Citicorp, the nation's largest banking company, announced yesterday that it will eliminate 8,000 jobs, sharply cut dividend payments to shareholders and increase its reserves to cover mounting losses from soured real estate deals and other problem loans.

Citicorp also announced that it will suffer a loss of between $300 million and $400 million in the last three months of the year after it sets aside an additional $340 million for bad loans. The bank said it will still earn a profit for the year as a whole.

The cutback at New York-based Citicorp comes at the end of one of the worst years for American banks since the Great Depression. It follows a week of intense congressional scrutiny on the severity of the banking industry's problems and whether money may be needed from taxpayers to replenish the nation's dwindling bank insurance fund -- something the Bush administration says is not necessary.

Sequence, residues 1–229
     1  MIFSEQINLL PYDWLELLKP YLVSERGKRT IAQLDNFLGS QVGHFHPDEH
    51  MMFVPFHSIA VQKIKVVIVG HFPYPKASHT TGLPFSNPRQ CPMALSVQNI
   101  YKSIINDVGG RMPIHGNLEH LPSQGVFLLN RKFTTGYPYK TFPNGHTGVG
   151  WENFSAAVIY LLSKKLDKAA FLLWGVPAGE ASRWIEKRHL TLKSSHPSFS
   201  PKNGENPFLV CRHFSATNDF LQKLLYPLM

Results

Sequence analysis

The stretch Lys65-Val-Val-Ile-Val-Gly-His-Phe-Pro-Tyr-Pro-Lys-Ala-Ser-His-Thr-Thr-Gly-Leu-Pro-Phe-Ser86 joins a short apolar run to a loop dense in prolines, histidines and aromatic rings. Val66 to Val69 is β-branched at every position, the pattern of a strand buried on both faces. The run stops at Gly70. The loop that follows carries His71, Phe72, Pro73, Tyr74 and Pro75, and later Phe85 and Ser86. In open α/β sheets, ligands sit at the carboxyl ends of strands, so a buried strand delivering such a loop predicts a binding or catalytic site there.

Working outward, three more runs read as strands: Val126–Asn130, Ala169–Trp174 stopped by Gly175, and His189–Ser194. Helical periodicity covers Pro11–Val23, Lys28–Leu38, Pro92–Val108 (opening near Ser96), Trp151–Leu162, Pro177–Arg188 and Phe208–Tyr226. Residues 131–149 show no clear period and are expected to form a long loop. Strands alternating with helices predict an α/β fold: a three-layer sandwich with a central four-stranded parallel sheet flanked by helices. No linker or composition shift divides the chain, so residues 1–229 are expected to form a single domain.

Citicorp, parent of Citibank, acted in response to months of pressure from Wall Street and regulators to trim costs and recognize the need to set aside more money to cover bad loans. Similar steps have been taken in recent months by several major banks -- including Chase Manhattan of New York, Security Pacific of Los Angeles and the biggest banking company in the Washington area, MNC Financial Inc. All have been battered by falling real estate prices and a slumping economy.

Banking analysts generally applauded Citicorp's steps but warned that the company will have to do even more to weather the current economic downturn.

"We view this as a dramatic step that is necessary to deal with today's banking problems," said Donald Crowley, assistant director of research at Keefe, Bruyette & Woods Inc., a New York-based bank securities firm. "We've been waiting for them to take dramatic action."

Several banking specialists said they were surprised by how little Citicorp added to its reserves, considering its large pool of loans for which payments are behind schedule. In all likelihood, the analysts said, Citicorp will need to set aside more money to cover bad loans in the United States and abroad.